He said he didn't realize he was signing a murder confession, which was written in Spanish, even though he speaks some Spanish.
"During the interrogations I was very frightened and confused, and I wanted to leave," van der Sloot said during the interview.
"'If you sign these papers you will be extradited to the Netherlands,' they were telling me all the time. In my blind panic I then signed everything, but I did not even know what was written down," he told the newspaper.
When asked about the murder of Flores, van der Sloot replied, "I have been framed. What happened exactly, I will explain later."
On Monday, he refused to discuss the case with a Peruvian judge.
Anita van der Sloot, whose husband died of a heart attack earlier this year, said she has no more room in her heart for the pain caused by her son.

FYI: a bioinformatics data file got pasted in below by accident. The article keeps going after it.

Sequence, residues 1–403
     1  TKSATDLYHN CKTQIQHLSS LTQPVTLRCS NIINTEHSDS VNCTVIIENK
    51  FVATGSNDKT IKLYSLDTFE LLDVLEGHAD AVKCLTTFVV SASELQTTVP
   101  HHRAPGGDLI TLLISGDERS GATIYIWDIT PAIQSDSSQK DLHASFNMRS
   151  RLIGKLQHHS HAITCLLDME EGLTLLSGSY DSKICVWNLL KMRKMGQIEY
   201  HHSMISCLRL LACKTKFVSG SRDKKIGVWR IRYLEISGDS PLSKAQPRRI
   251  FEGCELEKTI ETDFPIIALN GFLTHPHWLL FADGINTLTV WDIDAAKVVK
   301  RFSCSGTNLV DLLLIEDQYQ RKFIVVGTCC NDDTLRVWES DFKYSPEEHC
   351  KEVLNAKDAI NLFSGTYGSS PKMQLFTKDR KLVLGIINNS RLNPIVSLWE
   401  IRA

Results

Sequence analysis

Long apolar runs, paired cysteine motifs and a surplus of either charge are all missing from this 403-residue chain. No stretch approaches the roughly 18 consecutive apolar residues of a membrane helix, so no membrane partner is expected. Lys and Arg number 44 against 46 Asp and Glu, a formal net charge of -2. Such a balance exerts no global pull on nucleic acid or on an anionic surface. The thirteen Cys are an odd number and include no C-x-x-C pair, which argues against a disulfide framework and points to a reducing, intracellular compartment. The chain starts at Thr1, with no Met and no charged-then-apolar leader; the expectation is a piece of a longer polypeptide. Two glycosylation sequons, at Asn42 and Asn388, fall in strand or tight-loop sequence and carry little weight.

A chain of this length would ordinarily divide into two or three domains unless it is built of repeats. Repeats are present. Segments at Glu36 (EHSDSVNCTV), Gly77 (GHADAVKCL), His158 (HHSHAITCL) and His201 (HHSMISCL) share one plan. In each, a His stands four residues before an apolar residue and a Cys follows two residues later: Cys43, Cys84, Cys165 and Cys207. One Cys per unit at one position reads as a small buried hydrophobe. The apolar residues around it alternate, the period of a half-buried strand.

She has said she won't visit him in jail.
"I can cut certain things off, I can push them away. It's hard but I'm trying to do that," she said. "I just lost my husband and I could not even take the time to mourn about that."
But even as she distances herself from her son, she worries for him.
"Being my son or not, he needs a fair chance of surviving this," she said. "There is also a big chance that he (gets) murdered. There are a lot of people after him. The Joran I know, and his grandma and great-grandma, is a very gentle and sweet Joran, who makes coffee for you, who … will listen to you."
She has previously expressed sorrow for the Flores and Holloway families, and does so again.
"I don't think that words are enough to tell the parents of Natalee Holloway and of Stephany Flores what I feel," she said. "I hope they have a lot of good friends and family members around them that can be for their support. And if they would be here right now, I would cry with them and give them a big hug."